All history students know the mystery and uncertainty that reigns regarding the details of the memorable battle that took place on October 14, 1066. This riddle deals with a curious passage in the history of that battle, a passage that has not received the attention it deserves.
The passage in question, as Professor Henry Dudeney points out, says: “Harold's men remained close together, as was their custom, and formed thirteen squares with the same number of men in each square, and alas! of the Norman who dared to enter his redoubt, for a single blow of a Saxon war ax would break his spear and penetrate his chainmail ...!
When Harold launched himself into battle, the Saxons formed a unique and powerful square, uttering the battle cries of “Ut!”, “Olicrosse!”, “Godemite!” ”.
Contemporary authorities accept that the Saxons fought in that solid formation. In "Carmen de Bello Hastingensi", a poem attributed to Guy, Bishop of Amiens, we are told that "the Saxons stood firm in a dense mass." And Henry de Huntingdon speaks of "the square as a castle, impenetrable to the Normans."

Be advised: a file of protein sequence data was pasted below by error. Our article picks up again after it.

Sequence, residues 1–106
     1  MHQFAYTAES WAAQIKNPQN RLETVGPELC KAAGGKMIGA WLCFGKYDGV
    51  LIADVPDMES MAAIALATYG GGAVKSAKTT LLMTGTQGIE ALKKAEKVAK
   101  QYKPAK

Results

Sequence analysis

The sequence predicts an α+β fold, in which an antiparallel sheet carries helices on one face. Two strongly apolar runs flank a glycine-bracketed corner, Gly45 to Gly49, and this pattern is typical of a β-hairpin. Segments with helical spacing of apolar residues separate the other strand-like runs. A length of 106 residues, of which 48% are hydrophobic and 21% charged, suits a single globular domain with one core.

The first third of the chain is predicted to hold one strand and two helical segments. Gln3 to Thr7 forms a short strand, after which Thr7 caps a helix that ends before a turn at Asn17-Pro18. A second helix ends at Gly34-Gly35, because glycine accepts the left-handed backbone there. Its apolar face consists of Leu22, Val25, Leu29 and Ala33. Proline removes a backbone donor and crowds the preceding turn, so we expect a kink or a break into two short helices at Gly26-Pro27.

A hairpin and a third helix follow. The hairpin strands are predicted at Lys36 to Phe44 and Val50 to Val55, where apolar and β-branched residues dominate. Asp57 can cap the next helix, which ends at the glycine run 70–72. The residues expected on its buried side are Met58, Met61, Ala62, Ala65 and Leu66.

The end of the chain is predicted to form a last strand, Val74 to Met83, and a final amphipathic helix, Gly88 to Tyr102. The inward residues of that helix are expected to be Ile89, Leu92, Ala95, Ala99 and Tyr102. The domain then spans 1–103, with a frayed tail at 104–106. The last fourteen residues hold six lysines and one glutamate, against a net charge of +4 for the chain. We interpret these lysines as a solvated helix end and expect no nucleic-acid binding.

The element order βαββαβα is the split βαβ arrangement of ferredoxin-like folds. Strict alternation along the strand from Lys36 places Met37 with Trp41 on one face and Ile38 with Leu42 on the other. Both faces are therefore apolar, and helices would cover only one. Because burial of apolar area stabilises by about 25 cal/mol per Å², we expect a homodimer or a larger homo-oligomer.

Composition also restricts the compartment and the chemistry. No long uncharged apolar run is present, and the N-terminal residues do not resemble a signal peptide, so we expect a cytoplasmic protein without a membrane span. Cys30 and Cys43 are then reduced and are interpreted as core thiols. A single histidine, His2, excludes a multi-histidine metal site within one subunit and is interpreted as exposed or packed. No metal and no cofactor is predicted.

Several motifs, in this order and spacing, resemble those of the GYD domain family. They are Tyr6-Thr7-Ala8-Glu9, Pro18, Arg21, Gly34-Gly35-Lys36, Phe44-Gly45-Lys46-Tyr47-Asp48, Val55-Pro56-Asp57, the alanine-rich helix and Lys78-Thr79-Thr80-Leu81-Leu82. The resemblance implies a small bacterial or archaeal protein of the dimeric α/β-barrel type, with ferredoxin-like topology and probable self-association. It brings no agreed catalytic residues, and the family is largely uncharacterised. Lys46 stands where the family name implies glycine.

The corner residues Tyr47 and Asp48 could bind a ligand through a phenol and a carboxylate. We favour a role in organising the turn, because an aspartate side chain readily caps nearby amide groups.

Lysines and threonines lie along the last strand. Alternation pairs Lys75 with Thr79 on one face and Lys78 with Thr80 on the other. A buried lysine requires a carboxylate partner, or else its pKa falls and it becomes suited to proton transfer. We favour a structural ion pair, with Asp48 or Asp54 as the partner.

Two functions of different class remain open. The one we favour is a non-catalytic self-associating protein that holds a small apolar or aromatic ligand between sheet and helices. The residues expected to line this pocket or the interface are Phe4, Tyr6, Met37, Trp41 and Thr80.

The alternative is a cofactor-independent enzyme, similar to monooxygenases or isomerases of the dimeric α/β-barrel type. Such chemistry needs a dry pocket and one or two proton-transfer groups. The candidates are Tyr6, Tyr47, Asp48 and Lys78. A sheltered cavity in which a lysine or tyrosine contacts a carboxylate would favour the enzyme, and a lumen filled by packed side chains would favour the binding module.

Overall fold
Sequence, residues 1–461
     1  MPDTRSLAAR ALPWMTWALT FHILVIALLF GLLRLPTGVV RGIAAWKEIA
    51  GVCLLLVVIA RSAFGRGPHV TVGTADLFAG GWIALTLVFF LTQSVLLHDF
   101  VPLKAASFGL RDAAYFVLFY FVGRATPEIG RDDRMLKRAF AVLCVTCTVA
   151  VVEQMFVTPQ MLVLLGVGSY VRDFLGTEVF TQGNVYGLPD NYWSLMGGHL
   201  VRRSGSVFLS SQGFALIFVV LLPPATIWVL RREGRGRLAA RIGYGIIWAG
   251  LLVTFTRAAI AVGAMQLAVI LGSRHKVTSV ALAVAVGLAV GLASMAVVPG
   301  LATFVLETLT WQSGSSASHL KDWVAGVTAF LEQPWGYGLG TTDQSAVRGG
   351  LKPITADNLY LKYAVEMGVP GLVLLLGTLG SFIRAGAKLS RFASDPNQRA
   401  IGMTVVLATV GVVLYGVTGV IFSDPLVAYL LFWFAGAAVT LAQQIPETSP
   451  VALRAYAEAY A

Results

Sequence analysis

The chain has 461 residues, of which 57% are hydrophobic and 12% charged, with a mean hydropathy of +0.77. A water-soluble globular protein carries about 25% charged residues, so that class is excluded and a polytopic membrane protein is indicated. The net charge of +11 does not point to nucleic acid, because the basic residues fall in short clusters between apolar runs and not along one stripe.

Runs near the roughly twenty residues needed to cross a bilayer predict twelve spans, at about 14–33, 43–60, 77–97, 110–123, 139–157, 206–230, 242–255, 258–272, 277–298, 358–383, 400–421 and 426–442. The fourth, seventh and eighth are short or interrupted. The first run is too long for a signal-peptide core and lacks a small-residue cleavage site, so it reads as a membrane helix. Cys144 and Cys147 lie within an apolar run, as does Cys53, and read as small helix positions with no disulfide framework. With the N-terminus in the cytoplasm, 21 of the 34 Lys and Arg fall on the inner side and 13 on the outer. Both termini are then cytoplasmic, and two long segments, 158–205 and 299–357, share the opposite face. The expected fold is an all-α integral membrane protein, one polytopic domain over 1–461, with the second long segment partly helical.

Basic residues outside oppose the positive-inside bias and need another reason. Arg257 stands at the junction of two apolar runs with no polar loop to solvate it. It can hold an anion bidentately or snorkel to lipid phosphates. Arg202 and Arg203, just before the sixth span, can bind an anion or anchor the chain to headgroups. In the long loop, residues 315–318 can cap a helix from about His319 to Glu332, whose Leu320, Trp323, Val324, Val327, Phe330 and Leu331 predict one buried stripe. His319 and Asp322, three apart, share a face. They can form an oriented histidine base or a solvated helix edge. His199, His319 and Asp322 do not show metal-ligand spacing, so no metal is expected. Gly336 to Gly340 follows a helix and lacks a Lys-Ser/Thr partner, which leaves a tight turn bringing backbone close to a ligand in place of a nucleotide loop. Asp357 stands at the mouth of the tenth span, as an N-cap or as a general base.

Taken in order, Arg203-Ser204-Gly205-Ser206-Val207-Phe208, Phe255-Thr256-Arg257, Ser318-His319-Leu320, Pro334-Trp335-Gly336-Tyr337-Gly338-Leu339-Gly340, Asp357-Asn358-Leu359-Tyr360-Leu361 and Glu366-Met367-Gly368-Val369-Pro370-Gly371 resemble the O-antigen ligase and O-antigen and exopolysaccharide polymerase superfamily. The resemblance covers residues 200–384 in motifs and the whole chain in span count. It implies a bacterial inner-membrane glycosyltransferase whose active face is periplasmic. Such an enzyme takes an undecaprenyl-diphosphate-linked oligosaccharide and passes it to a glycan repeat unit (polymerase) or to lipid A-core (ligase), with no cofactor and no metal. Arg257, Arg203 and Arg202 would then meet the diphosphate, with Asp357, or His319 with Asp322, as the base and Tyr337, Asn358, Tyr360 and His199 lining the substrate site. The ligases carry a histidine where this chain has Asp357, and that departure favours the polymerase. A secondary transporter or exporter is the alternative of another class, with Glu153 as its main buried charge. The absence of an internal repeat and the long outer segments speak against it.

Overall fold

If Harold's forces were divided into thirteen squares that, when Harold himself was added, could be arranged in a single large square How many men must have been?
The riddle is so difficult that few mathematicians will solve it correctly.
Extracted from the page www.librosmaravillosos.com.
The 13 Harold squads were square with 180 men per side, adding a total of 421,200 men. With the addition of Harold, the number increases to 421,201 men, which forms a large square with 649 men per side.